Keeping a WordPress installation up to date, including the core, themes, and plugins, is key for security. Regular updates offer protection against SQL injection and other security threats by adding new security features and maintaining system compatibility. This section details the procedures that help protect a WordPress site from potential vulnerabilities.

Why You Must Implement Regular Updates

  • Security enhancements: Updates to WordPress, plugins, and themes typically address many easy-to-mitigate security vulnerabilities. Delaying these updates leaves open windows for attackers to exploit them.
  • Proactive defense: By keeping all software applications current, your risk of becoming a target for attackers who exploit outdated systems decreases.
  • Compatibility assurance: Updates ensure that your site remains compatible with the latest technologies, indirectly supporting your overall cyber security efforts.

What to Do Regularly

  • Update your WordPress core: Enable automatic updates for WordPress or manually update in the WordPress dashboard by navigating to the  Dashboard → Updates.
  • Keep your plugins and themes current: Regularly update plugins and themes, either setting them to auto-update or manually through the Dashboard.
  • Keep an eye on your managed hosting services: When using managed hosting services, make sure they maintain a proactive approach to updates.
  • Use secure coding practices: When developing themes or plugins, ensure you and your team adhere to secure coding standards. For database interactions, WordPress’s $wpdb->prepare() function is essential for preventing SQL injection.
global $wpdb;
$safe_query = $wpdb->prepare("SELECT * FROM table WHERE column = %s", $variable);
$results = $wpdb->get_results($safe_query);

For the most accurate and secure coding practices, refer to the official WordPress documentation.

  • Test after updates: Conduct thorough testing post-update to ensure functionality remains intact.
  • Perform regular backups: Implement a robust backup strategy to recover from any unforeseen update issues.
  • Implement security monitoring: Deploy security plugins for ongoing surveillance and timely update alerts.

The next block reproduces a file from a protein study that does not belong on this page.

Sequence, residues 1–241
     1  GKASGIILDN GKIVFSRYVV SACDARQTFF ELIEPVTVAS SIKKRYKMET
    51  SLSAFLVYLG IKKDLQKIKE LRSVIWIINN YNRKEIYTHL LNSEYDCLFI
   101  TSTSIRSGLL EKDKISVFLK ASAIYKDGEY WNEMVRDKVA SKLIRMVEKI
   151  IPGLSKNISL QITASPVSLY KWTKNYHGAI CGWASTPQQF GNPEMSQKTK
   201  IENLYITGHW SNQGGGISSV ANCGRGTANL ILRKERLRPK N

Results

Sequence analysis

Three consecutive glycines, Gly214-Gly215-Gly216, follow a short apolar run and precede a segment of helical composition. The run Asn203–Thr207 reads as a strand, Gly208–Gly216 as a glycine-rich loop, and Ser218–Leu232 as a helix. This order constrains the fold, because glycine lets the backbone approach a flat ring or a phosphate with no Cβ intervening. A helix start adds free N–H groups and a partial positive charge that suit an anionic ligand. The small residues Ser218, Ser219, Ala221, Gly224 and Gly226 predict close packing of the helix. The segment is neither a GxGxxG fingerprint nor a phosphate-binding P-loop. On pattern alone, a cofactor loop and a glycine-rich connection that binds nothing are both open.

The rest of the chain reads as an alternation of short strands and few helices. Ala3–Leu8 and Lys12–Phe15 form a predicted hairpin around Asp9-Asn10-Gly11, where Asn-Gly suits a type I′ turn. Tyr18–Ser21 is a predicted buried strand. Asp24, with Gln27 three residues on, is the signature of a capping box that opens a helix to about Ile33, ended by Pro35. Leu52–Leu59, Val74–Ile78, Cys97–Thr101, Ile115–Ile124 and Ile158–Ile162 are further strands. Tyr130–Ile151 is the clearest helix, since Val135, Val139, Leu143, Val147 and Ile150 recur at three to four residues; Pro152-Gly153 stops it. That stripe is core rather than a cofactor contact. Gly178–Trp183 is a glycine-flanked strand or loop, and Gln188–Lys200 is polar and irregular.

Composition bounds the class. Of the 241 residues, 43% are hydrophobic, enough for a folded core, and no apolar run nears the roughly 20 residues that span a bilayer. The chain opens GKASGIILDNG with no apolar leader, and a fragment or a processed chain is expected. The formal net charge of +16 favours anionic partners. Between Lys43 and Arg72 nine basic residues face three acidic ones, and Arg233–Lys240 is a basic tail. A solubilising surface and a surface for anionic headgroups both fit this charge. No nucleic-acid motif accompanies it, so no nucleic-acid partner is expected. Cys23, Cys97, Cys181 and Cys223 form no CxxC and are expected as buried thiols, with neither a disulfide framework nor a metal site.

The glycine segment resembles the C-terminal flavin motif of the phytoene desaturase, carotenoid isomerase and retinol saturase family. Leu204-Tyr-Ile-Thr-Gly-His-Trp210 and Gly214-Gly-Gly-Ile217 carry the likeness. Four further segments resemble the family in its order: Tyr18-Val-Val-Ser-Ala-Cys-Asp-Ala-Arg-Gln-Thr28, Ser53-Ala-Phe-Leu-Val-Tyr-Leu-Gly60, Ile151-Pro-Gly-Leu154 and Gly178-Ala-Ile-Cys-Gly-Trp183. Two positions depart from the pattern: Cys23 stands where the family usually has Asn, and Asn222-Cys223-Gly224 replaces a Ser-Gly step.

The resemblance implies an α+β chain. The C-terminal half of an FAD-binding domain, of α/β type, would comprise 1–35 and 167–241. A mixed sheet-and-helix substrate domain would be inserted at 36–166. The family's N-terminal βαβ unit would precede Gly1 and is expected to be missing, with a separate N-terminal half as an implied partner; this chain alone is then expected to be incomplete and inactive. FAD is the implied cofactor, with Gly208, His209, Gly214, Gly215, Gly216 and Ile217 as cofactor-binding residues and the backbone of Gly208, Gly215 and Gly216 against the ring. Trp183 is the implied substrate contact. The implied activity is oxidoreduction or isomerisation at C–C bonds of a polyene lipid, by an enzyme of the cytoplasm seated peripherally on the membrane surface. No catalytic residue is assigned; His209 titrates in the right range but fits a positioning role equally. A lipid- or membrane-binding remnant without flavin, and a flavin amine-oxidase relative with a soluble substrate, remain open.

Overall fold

Adherence to a disciplined update regimen is a proactive step towards mitigating WordPress SQL injection risks and maintaining a secure WordPress environment.

4. Implement a Strong Firewall

Implementing a web application firewall (WAF) is a strategic defense against SQL injection attacks for WordPress sites. A WAF operates by scrutinizing HTTP traffic to and from a web application, applying a set of rules to detect and block potential threats. Taking this approach entails the following:

  • Selecting a strong firewall solution: Choose a firewall like SiteLock, which offers automated protection against SQL injection attacks and provides frequent updates to counter new security challenges.
  • Configuring your firewall: Establish rules within your WAF to accurately separate and block malicious traffic from genuine interactions, preventing SQL injection exploits.
  • Updating your firewall rules: Continuously update the rules within your WAF to maintain a strong defense against the latest security threats.
  • Analyzing your firewall logs: Regularly checking your WAF logs is essential for detecting unusual traffic patterns, events or security incidents, enabling you to take prompt action.
  • Incorporating a proactive defense layer: Adding a WAF to your site’s security measures acts as an active barrier against various cyber threats, including WordPress SQL injections (WordPress SQLi).


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5. Employ Parameterized Queries

Prepared statements stand as a stalwart defense against WordPress SQL injection. Simply put, this method involves pre-compiling SQL statements within the database system that contain non-sensitive placeholder values (e.g., “?”) in place of user inputs. These placeholder values are bound to the user input values that are stored separately and are supplied at the time of statement execution.

Key Functions of Prepared Statements

I. Immutable SQL Function Templates

The database system compiles SQL function statements in advance, storing them for future execution. This pre-compilation ensures that user inputs are always received as parameters, never as part of the SQL command itself, thereby preventing the injection of malicious code.

II. Parameterized Execution

During the execution phase, the database only receives parameters for the pre-compiled SQL statements. These parameters can’t alter the statement’s function, as they are not processed as SQL code.

III. Code-Data Separation

Prepared statements maintain a strict separation between SQL code and user-provided data, significantly diminishing the likelihood of unintended code execution. For example, you can use PHP data objects to create these parameterized queries.

Check out this video that illustrates prepared statements: